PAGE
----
Bulletins

Microsoft is buying Activision Blizzard for $68.7 billion

The purchase makes Microsoft the third-largest gaming company, just behind Tencent and Sony.

Activision Blizzard logo

Microsoft purchased Activision Blizzard.

Photo: Pavlo Gonchar/SOPA Images/LightRocket via Getty Images

Microsoft is acquiring Activision Blizzard for $68.7 billion, the tech giant announced Tuesday. The purchase makes Microsoft the third-largest gaming company by revenue, just behind Tencent and Sony. The deal marks the largest ever acquisition in the video game industry by a wide margin, just a week after Grand Theft Auto parent company Take-Two Interactive purchased Zynga for a record $12.7 billion.


Microsoft's acquisition further cements the company's gaming ambitions. The Windows-maker also bought Bethesda parent company ZeniMax Media for $7.5 billion in September of 2020 as part of its strategy to boost Xbox Game Pass subscriptions and build out an exclusive library or the Xbox platform. For Microsoft CEO Satya Nadella, the purchase will play a big role in building out metaverse platforms.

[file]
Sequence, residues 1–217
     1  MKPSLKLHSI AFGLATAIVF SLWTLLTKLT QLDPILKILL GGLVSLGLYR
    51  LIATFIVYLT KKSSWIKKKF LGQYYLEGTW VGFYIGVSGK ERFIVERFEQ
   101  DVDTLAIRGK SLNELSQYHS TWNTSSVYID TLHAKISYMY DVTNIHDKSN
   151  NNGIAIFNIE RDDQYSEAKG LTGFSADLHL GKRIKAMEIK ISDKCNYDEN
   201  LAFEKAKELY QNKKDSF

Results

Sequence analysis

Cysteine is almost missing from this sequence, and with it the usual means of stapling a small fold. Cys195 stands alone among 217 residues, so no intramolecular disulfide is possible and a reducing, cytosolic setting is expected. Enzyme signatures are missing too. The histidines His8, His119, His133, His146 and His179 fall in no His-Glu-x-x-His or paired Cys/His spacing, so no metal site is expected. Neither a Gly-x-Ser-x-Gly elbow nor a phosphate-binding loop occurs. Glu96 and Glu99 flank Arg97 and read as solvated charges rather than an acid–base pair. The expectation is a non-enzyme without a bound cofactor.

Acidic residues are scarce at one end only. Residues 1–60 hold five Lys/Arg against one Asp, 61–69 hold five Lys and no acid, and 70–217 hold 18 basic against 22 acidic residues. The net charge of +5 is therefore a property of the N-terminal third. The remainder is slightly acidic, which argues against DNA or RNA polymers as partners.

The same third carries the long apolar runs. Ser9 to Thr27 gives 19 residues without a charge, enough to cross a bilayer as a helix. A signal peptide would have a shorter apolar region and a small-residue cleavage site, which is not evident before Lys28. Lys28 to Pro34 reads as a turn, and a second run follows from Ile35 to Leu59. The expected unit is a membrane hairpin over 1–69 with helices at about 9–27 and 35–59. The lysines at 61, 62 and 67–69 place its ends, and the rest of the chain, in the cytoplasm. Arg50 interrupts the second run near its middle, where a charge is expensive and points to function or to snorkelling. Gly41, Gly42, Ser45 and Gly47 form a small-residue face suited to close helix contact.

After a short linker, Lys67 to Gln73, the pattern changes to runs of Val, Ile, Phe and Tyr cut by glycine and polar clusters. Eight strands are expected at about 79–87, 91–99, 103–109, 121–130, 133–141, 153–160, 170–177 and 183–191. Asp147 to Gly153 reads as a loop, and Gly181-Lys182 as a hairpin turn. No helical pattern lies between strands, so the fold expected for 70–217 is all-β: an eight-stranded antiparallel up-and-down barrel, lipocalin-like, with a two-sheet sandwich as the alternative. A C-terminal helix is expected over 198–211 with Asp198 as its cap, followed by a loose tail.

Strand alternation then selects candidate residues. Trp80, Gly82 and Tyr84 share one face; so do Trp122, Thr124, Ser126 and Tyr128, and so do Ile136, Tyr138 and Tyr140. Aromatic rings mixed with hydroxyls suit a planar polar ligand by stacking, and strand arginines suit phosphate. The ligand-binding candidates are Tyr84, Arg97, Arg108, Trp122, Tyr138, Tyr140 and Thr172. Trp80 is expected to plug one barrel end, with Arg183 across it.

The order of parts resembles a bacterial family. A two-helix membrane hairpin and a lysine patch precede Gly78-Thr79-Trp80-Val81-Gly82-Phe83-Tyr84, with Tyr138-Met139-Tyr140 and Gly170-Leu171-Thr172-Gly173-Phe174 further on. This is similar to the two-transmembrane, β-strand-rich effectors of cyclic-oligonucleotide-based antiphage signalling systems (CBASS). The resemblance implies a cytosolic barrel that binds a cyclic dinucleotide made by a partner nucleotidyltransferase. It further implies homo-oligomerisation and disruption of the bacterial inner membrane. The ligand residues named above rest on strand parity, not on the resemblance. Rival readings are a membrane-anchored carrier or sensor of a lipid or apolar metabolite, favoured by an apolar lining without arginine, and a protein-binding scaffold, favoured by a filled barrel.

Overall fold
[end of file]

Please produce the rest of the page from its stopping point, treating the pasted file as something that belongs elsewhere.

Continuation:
“Gaming is the most dynamic and exciting category in entertainment across all platforms today and will play a key role in the development of metaverse platforms,” Nadella said in a statement. “We’re investing deeply in world-class content, community and the cloud to usher in a new era of gaming that puts players and creators first and makes gaming safe, inclusive and accessible to all.”

Activision CEO Bobby Kotick will stay in his role and focus on improving the company's "culture and accelerate business growth," according to the release. The publisher has been embroiled in controversy over sexism and misconduct allegations in past months, which Kotick reportedly knew about. Most recently, The Wall Street Journal reported that dozens of workers have been fired or pushed out over those claims since California filed an ongoing workplace discrimination lawsuit against the company last summer.

Once the deal closes, Kotick will report to Xbox chief Phil Spencer.

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